What does Mark 4:2 mean?
ESV: And he was teaching them many things in parables, and in his teaching he said to them:
NIV: He taught them many things by parables, and in his teaching said:
NASB: And He was teaching them many things in parables, and was saying to them in His teaching,
CSB: He taught them many things in parables, and in his teaching he said to them,
NLT: He taught them by telling many stories in the form of parables, such as this one:
KJV: And he taught them many things by parables, and said unto them in his doctrine,
NKJV: Then He taught them many things by parables, and said to them in His teaching:
Verse Commentary:
"Parable" is from the Greek root word parabole. It means to set something similar alongside for comparison. Speaking "in parables" can refer to use of metaphorical stories, or it can mean the story is enigmatic and in riddles. Mark's emphasis is on the fact that Jesus' teaching is puzzling, more than the fact that it's in a particular literary form.

Mark does not record much of Jesus' teaching. Matthew 13 includes a few more parables which Jesus apparently taught at the same time. The parables in Mark 4 all elaborate on the purpose of parables as a teaching method. Parables are useful because they teach spiritual truths through stories about everyday life. Jesus, however, also uses them as a vetting process. Those who refuse to listen at all show their rejection of Jesus. Those who listen and then leave with only a surface understanding reveal that they are not interested in following Jesus. But those who listen and stay to ask Jesus the deeper meaning have softened hearts that are ready to hear Jesus' spiritual message.

Parables such as these work because God Himself established the objects these metaphors are based on. He also conditions us to listen to story through our need to understand history. Today, we are more likely to use allegory, like the Chronicles of Narnia. An allegory is similar to a parable, but the metaphor is based more on the character of people (like Aslan as Jesus) than more esoteric spiritual truths. Jesus' use of parables shows that fiction, when done properly, can be a very effective tool for spreading the gospel and deepening spiritual growth.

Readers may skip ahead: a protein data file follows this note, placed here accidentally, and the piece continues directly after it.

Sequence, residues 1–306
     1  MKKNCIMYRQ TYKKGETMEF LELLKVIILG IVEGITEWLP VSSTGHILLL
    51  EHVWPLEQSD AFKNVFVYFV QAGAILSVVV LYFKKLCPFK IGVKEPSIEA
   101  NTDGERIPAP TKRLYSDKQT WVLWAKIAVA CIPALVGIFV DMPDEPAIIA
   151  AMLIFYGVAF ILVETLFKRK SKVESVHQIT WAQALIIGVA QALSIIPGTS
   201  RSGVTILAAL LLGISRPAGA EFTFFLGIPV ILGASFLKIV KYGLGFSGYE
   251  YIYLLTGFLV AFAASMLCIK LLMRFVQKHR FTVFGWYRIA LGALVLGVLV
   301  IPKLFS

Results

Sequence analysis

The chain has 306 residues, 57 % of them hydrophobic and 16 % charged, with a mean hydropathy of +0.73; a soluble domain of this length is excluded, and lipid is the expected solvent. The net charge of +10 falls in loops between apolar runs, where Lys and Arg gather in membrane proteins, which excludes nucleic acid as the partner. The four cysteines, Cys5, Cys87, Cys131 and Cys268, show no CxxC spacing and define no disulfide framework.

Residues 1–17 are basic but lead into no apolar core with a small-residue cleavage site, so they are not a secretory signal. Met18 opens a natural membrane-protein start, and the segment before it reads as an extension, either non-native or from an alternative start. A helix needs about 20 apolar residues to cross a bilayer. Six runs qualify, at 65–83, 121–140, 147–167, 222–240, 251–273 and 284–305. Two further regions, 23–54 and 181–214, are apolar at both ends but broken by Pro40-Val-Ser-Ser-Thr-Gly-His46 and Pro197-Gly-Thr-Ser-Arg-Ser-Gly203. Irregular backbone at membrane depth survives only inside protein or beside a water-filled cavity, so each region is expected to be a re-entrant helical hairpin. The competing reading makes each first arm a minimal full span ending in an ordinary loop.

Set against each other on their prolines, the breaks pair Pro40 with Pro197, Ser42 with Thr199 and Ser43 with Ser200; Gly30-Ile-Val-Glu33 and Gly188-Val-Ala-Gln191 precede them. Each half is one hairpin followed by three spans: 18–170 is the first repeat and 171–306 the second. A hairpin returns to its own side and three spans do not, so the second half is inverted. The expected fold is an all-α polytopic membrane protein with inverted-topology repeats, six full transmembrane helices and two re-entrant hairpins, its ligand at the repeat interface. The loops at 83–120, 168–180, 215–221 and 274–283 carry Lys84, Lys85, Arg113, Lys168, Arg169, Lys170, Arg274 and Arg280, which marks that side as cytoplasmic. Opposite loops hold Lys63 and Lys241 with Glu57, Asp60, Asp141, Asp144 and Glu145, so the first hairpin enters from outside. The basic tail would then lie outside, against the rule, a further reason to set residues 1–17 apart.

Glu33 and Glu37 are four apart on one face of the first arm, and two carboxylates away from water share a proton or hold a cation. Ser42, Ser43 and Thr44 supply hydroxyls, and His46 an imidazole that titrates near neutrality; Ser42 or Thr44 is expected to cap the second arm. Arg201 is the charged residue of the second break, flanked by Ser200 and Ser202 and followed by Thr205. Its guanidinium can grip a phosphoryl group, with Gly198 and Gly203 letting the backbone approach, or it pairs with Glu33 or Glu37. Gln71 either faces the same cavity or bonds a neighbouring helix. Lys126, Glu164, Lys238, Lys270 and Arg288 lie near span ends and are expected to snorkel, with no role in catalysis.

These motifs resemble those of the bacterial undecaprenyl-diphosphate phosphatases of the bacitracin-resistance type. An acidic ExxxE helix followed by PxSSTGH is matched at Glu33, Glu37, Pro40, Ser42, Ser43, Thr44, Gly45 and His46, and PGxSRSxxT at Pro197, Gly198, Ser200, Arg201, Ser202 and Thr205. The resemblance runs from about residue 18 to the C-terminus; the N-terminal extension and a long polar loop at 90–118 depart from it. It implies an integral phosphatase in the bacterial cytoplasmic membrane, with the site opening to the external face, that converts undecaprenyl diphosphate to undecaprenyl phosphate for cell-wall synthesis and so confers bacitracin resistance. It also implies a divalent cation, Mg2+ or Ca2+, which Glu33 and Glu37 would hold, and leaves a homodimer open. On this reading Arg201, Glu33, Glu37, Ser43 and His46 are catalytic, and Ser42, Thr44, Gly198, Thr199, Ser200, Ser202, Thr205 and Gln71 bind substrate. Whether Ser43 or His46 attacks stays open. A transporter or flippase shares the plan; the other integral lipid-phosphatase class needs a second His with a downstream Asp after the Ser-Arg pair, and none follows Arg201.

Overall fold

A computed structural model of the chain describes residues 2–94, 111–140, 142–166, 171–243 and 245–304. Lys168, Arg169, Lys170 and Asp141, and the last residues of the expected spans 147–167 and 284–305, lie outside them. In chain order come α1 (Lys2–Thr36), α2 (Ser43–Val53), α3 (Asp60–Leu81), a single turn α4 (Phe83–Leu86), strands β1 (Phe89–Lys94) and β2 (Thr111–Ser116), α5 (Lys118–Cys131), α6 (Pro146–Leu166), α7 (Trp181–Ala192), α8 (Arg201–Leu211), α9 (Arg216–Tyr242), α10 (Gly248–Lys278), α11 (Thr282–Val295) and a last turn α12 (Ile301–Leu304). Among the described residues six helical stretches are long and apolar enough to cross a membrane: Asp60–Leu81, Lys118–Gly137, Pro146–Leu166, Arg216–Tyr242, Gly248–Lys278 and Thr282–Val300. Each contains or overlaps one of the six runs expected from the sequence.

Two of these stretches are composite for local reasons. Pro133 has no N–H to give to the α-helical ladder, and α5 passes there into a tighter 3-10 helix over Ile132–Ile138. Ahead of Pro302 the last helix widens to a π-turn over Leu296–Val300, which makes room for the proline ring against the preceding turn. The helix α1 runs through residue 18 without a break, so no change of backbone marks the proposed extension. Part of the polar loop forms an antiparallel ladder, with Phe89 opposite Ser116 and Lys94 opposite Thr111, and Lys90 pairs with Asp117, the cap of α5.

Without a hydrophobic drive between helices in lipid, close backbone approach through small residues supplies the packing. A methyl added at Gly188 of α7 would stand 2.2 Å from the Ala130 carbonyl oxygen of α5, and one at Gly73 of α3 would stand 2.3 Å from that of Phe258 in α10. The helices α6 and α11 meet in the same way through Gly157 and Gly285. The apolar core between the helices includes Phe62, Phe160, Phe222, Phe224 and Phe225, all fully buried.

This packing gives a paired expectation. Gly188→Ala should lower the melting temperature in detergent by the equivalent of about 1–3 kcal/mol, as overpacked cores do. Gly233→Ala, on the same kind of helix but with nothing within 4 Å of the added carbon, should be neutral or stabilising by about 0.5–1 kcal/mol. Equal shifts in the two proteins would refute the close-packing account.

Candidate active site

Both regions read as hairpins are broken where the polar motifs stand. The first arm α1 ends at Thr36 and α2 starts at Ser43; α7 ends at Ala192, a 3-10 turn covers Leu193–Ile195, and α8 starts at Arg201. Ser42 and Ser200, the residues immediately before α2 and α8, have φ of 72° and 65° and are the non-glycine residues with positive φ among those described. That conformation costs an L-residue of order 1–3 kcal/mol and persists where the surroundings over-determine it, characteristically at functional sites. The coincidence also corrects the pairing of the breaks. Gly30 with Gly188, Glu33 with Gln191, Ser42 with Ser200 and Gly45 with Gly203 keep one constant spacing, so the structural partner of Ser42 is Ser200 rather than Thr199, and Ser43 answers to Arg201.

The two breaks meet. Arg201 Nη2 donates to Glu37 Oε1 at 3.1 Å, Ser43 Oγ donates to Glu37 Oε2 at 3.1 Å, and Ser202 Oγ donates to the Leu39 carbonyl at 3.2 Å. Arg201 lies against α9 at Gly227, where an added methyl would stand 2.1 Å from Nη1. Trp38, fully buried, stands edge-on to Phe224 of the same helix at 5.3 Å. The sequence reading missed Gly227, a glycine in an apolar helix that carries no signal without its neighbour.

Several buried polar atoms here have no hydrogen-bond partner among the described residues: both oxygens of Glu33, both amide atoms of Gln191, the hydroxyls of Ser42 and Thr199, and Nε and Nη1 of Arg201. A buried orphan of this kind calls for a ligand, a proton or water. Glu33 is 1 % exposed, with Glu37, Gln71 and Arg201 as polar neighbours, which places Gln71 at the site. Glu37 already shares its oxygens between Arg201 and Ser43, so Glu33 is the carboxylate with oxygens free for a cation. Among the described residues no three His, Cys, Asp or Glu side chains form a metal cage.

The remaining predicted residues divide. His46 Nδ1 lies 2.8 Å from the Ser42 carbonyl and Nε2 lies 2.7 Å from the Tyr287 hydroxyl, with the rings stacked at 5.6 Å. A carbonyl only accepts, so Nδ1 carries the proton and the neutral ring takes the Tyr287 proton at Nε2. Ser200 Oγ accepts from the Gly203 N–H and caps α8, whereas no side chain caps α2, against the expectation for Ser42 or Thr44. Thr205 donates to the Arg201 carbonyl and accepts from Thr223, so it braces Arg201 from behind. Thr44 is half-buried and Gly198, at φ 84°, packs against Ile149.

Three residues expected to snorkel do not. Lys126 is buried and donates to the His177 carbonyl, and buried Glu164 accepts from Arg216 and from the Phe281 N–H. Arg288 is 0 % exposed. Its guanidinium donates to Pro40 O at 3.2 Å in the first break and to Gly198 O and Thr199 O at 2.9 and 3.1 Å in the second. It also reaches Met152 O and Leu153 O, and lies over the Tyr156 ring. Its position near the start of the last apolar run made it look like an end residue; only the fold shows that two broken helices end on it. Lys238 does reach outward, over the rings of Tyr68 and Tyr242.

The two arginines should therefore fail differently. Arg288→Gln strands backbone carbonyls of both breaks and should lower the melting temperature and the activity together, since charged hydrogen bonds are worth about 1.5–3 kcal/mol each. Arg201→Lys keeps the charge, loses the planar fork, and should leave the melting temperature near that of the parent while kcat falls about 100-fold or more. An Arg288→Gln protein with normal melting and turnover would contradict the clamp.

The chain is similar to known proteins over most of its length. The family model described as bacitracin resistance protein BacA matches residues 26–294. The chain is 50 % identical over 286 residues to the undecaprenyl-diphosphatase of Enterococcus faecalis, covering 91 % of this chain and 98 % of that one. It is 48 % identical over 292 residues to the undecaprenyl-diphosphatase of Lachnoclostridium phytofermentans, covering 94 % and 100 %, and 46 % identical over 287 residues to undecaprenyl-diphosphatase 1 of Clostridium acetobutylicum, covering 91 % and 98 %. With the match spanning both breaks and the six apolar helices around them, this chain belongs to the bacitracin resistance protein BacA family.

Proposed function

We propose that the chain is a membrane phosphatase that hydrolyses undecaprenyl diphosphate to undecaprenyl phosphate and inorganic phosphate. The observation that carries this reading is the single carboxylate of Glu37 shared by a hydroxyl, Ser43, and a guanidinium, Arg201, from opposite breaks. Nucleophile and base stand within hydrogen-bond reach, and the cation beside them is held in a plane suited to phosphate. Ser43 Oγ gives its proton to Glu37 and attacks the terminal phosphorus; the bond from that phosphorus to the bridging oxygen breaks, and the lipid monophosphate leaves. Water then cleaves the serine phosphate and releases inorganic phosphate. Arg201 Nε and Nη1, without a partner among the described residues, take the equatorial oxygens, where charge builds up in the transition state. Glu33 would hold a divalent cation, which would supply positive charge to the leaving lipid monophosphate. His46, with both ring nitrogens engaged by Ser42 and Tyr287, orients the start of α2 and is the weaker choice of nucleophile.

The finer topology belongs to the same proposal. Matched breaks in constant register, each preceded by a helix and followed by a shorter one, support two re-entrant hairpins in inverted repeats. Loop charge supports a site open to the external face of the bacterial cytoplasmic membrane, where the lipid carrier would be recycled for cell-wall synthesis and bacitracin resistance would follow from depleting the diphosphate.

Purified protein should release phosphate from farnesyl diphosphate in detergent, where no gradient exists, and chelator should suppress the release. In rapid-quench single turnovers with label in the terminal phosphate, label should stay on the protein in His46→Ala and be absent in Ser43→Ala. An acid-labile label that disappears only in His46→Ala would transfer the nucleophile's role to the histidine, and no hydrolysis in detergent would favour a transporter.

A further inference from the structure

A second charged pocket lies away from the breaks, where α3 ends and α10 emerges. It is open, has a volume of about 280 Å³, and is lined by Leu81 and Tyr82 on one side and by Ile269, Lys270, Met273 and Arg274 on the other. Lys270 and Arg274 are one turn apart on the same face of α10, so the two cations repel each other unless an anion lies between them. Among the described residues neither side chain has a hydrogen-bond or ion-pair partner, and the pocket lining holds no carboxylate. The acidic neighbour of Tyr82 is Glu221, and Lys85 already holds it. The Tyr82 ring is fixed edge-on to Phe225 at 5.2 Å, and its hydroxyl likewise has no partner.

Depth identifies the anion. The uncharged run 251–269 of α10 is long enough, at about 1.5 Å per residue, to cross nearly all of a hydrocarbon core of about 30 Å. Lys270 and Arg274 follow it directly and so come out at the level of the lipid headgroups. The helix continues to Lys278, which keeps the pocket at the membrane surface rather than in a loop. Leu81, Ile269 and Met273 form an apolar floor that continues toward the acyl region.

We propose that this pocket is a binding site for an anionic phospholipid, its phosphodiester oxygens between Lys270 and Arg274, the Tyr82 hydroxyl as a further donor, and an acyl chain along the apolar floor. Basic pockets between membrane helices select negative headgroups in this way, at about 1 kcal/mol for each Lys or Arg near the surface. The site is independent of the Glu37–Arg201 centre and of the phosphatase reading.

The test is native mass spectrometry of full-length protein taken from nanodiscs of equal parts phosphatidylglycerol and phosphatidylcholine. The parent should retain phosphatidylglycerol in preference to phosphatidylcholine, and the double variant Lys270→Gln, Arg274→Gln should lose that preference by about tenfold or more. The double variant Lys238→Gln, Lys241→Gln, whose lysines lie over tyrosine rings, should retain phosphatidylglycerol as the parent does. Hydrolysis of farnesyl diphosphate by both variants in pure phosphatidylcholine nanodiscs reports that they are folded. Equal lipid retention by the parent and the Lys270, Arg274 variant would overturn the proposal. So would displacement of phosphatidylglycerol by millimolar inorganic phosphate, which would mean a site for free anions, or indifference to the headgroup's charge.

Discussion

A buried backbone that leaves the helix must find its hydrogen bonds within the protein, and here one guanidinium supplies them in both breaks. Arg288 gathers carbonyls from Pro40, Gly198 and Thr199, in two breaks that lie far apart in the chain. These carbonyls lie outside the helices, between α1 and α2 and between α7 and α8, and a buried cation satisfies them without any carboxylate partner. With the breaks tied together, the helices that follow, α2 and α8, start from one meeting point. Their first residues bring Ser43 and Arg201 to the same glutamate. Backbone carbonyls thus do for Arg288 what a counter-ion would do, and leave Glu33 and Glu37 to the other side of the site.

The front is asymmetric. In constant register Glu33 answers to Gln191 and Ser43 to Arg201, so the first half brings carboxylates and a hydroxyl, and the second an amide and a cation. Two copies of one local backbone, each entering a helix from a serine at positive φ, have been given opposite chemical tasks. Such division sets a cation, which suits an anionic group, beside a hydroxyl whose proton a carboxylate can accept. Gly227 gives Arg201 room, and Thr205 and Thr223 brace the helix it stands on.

Verse Context:
Mark 4:1–9 is this Gospel's first major account of Jesus' teaching. In the previous chapter, Jesus encountered varied reactions to His ministry. This passage opens with a parable describing why people react in these ways. Ironically, the very act of using parables reveals what kind of a student someone is. Those intrigued by the story and trusting of the teacher want to know more. Those who are hardened, shallow, or distracted don't allow Jesus' message to change their hearts. These events are also found in Matthew 13:1–9 and Luke 8:4–8.
Chapter Summary:
Jesus speaks in parables to the assembled crowd, giving them an opportunity to decide how much spiritual truth they want to absorb. The disciples, wanting to learn more, ask Jesus to explain the meaning of the parables He has taught. As Jesus explains these ideas, He demonstrates that a person's spiritual knowledge is based on their willingness to pursue truth. After describing Jesus' teaching in some detail, the Gospel of Mark describes how Jesus calms a storm on the Sea of Galilee.
Chapter Context:
Mark 3 explores the different ways people react to Jesus' teaching and miracles. They either follow Him, use Him, hide Him, or destroy Him. In Mark 4, Jesus explains why people react the way they do. He uses parables to explain who is serious about learning from Him. The softer a person's heart is, the more truth God will reveal. Soon, the twelve will also spread Jesus' message, although they will not be responsible for the spiritual growth of those who believe. The following chapter returns to depicting Jesus' miracles, including two of His most famous.
Book Summary:
The Gospel of Mark emphasizes both Jesus' servanthood and His role as the promised Messiah: the Son of God. This is done through a concise, action-packed style. Mark provides relatively few details, instead focusing on actions and simple statements. This relates to the Gospel's authorship, which is believed to be based on the memories of the apostle Peter. These include many of Jesus' miracles, in contrast to other Gospels which include many more of Jesus' teachings and parables. Mark also makes frequent mention of Jesus' ministry being misunderstood by others.
Accessed 5/24/2024 10:58:56 PM
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